How will Montreal work with other communities who have implemented similar campaigns?
"There was research done before we implemented Vision Zero. It was brought forward by the Coderre administration, who implemented the plan. The city didn't invent a new approach, we took the best existing one.
"All the success of Vision Zero is data collecting, data gathering, and data sharing. There's a professional network that shares information with all the cities that participate in Vision Zero.
"To better document the situation on the roads, we had to make sure that the data was compatible with all sources: the police, the Health Ministry, the SAAQ, and the Transport Ministry.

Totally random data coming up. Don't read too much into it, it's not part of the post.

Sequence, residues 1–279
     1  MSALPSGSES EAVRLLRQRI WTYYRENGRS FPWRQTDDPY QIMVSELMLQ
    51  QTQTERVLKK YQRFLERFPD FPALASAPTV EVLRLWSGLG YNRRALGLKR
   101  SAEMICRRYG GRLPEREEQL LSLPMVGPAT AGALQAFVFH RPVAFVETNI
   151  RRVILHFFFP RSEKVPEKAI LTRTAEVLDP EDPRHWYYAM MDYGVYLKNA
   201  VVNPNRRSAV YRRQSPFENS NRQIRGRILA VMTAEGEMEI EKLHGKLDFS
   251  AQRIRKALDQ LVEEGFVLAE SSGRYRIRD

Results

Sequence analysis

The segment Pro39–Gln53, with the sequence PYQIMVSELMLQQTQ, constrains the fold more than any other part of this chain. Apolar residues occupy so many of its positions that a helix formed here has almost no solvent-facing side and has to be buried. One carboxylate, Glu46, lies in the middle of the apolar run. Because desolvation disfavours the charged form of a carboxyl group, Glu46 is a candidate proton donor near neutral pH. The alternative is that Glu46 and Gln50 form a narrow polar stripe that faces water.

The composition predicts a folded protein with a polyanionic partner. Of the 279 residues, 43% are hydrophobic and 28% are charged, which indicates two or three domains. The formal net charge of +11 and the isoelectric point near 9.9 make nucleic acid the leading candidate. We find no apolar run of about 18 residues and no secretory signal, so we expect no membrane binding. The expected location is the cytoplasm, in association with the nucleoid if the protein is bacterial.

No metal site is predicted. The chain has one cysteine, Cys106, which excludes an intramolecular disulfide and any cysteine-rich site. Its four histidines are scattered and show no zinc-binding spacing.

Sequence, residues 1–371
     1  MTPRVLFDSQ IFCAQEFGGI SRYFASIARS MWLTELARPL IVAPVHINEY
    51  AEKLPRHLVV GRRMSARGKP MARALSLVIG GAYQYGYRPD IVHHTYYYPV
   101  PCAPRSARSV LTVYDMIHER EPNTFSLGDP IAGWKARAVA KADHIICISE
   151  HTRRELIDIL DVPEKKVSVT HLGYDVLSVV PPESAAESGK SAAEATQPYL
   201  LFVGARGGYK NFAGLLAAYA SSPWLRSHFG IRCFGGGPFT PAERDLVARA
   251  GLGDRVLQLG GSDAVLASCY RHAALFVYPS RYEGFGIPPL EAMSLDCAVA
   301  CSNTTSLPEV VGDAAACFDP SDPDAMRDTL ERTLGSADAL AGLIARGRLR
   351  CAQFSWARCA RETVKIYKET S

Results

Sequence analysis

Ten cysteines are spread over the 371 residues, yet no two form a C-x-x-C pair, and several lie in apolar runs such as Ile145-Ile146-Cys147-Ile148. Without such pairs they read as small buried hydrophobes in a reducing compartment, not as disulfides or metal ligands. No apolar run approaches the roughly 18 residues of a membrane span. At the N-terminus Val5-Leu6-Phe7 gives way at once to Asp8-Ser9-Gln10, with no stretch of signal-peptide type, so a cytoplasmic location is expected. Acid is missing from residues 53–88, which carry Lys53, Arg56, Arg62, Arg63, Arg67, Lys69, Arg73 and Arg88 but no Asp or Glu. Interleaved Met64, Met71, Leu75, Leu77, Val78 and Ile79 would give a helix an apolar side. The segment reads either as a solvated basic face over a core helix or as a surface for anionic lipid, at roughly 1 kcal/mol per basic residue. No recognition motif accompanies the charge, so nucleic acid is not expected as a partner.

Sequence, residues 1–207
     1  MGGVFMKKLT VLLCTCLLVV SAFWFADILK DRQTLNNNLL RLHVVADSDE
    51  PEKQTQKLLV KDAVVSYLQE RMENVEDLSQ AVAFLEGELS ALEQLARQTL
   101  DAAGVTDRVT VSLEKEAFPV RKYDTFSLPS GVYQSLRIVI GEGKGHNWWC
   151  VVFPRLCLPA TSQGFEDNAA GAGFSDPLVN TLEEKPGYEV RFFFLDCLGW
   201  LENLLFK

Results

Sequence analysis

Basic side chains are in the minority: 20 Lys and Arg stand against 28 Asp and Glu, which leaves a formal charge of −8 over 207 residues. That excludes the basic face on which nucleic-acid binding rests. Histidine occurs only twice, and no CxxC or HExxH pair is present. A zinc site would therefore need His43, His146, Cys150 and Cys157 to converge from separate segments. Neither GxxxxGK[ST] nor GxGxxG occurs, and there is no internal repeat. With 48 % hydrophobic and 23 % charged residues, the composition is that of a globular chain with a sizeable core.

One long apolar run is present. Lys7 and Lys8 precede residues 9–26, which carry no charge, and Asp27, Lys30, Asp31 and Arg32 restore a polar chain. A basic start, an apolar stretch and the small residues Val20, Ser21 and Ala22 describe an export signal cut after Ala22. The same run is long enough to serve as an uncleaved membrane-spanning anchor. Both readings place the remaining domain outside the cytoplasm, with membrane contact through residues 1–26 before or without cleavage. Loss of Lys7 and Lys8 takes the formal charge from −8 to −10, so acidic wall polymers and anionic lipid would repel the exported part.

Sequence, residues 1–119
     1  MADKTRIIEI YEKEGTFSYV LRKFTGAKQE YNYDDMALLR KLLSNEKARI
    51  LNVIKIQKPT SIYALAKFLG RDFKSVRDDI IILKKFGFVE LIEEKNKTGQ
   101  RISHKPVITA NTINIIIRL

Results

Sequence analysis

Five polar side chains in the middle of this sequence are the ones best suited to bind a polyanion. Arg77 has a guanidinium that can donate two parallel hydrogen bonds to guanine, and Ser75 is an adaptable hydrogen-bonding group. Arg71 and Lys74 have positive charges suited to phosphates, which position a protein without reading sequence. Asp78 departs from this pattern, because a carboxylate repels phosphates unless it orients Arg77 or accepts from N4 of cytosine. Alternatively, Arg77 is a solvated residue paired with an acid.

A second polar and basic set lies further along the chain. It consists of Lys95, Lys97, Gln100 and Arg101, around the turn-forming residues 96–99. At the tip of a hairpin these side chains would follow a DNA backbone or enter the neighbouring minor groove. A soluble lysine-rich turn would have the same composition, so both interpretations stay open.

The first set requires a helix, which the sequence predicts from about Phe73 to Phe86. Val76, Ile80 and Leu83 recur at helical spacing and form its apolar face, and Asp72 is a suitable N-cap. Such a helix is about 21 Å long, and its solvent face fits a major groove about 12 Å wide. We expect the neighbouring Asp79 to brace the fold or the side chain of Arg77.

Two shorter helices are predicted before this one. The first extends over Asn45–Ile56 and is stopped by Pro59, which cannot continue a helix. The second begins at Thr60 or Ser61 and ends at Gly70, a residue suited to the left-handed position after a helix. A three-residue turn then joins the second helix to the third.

"We can always learn from other cities. If Longueuil comes up with a good plan, for example, we would be happy to collaborate and bring that plan to Montreal."
Who makes up the governing committee and who has the final say on what will be implemented?
"There are three committees that make up Vision Zero that works together year-round. One is for heavy vehicles, one is for speed, and the other is for street crossings. These committees bring forward priorities. There are so far, 60 actions that the city will take.
"After a year, we reevaluate, reprioritize, and take action. We find out what works best and move forward with our action plan, which, as mentioned, is a data-based plan. What's important is our collaboration with all committees and sharing all the information publically with the citizens."
How much will Vision Zero cost the city?
"$60 million over three years for pedestrian lights, as was announced in the budget. If it goes well though, we'll see if we can crank it up a notch.
"For us, the beat of the city is discovered by walking. This is why Vision Zero is so important for us."